Where are you in the friendship cycle? Do you agree that old and new friendships take work and should be a priority? Have you ever enjoyed a mentoring relationship? Tell us about it!


If you are reading along . . . On Friday, I will pick a Power Point from Chapters 13 and 14 to discuss and apply ~ to sow.

We hope you will join us in Friday's comments and provide a link to your blog if you decide to write on these chapters this week. We want to join in your discussion and create a real community here.

Thanks for reaping and sowing with us!



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6 Comments »

6 Responses to “The Merry Go Round of Friends”

  1. I liked these chapters too.  I feel lucky to have so many different friendships from so many different stages of life.  My goal this year was to see at least 2 far-away friends but I have not accomplished it!  With young children, it is so hard to find (or take!) the opportunity to see these "old" friends.  I need to be better about that!  

    With the mentor mom, I am lucky that our church has a moms group and we have a mentor mom who comes every meeting.  She always does a devotional and it is amazing.  While she is not my personal mentor mom, it is nice to hear her words of wisdom.  Our last meeting was on sibling rivalry and it was nice to hear her reassure that it does get better!  

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  2. The merry-go-round image is beautiful and so aptly describes the friendships I've had - it's fun while it lasts but not everyone gets back on the ride together. I often feel guilty when friendships fall by the wayside, wondering if I didn't work hard enough at it - and sometimes I probably haven't. But I also think God brings people into our lives for a specific season and so I try to pray about whether friendships that seem to be waning are at the end of their season or whether I need to continue breathing life into them.

    I had prayed for several years about having mentor and God answered that prayer about a year ago. There was a specific area where I was looking for a mentor and I ended up meeting with someone at my sister's church. I had prayerfully considered whether there was a woman at my church who could mentor me in this specific area, but kept coming back to the idea of asking my sister for recommendations. It's definitely been a blessing in my life, but I think it's important for each of us to remember that no matter how wonderful our mentors are, they are not God and we need to keep looking to Him first and often for the ultimate say in our lives.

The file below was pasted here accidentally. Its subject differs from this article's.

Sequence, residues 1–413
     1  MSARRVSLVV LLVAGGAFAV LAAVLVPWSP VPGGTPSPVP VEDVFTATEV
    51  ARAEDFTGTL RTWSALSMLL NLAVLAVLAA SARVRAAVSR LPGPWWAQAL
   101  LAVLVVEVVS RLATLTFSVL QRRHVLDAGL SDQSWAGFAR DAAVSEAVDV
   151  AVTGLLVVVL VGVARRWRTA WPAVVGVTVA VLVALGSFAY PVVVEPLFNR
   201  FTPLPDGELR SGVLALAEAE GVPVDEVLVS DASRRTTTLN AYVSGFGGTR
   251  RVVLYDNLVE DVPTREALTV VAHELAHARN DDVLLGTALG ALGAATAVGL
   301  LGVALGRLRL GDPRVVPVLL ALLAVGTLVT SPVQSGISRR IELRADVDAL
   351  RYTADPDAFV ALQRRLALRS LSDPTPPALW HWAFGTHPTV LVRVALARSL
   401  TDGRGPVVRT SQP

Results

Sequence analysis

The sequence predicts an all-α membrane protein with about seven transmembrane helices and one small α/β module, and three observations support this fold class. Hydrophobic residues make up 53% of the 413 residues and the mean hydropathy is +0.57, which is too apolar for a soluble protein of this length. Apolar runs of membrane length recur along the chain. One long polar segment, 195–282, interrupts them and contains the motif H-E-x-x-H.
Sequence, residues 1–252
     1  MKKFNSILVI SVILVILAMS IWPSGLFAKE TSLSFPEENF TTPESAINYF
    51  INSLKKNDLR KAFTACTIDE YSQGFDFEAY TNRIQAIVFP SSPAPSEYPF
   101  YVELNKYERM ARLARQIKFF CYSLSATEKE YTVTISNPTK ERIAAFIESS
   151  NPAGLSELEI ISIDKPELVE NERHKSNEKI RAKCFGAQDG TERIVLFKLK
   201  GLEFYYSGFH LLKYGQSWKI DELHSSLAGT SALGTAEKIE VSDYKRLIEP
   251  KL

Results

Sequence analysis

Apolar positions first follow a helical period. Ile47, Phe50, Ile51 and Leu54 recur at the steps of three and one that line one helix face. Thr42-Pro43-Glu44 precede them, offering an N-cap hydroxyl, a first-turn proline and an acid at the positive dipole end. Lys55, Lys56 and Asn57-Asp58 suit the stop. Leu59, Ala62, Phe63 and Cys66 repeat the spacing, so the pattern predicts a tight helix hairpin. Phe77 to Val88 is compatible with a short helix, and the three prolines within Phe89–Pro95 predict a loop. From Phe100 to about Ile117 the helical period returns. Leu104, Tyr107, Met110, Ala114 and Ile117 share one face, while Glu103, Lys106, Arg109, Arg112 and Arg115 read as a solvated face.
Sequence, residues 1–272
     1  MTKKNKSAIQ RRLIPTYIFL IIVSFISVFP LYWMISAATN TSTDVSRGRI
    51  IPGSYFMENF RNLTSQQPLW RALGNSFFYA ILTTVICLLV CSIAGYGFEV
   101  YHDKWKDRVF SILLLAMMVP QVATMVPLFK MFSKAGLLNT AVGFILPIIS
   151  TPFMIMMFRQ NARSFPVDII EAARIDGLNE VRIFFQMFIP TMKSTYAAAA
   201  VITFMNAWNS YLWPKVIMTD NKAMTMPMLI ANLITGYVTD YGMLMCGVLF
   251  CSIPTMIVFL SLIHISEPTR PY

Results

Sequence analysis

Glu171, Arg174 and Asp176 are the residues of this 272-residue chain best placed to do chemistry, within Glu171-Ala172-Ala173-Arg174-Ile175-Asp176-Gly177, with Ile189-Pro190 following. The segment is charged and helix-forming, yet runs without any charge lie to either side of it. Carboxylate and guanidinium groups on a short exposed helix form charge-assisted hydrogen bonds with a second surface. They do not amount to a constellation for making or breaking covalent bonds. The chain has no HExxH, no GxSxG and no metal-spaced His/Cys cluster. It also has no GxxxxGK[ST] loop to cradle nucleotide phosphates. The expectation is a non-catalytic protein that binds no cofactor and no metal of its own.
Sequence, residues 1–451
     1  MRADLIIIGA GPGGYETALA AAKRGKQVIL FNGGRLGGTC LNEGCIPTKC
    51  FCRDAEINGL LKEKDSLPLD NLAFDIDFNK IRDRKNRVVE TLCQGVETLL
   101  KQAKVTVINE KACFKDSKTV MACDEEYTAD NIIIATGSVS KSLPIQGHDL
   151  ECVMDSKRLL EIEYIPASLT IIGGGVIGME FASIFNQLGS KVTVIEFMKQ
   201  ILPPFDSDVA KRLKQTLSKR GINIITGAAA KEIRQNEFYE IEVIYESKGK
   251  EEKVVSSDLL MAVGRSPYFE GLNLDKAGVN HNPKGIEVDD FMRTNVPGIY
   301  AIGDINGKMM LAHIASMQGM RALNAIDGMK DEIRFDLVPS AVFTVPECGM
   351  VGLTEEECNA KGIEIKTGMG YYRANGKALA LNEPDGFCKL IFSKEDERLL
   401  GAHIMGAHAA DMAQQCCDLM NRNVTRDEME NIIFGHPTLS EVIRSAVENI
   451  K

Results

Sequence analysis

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  3. Andrea - I love hearing this about a mentor. It is so hard to know where to look for that, but you are right . . . it all starts and ends with prayer. Thank you for sharing that.

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  4. Jayda - What a great goal! I wouldn't have met it either if I'd set it for myself this year, but there is hope for next year :) I like that idea. 

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  5. It probably isn't a surprise that I think friendships are of vital importance!  I think they take intention, time, and a whole lot of prayer!

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  6. I could write pages responding to your post about friendships. Friendships between women are something to be valued and praised. They definitely take work but the countless blessings you receive from them unfold over your life, never ending. The saddest thing I know about my mom and MIL is that neither have close girlfriends. I truly cannot imagine my life without my girlfriends.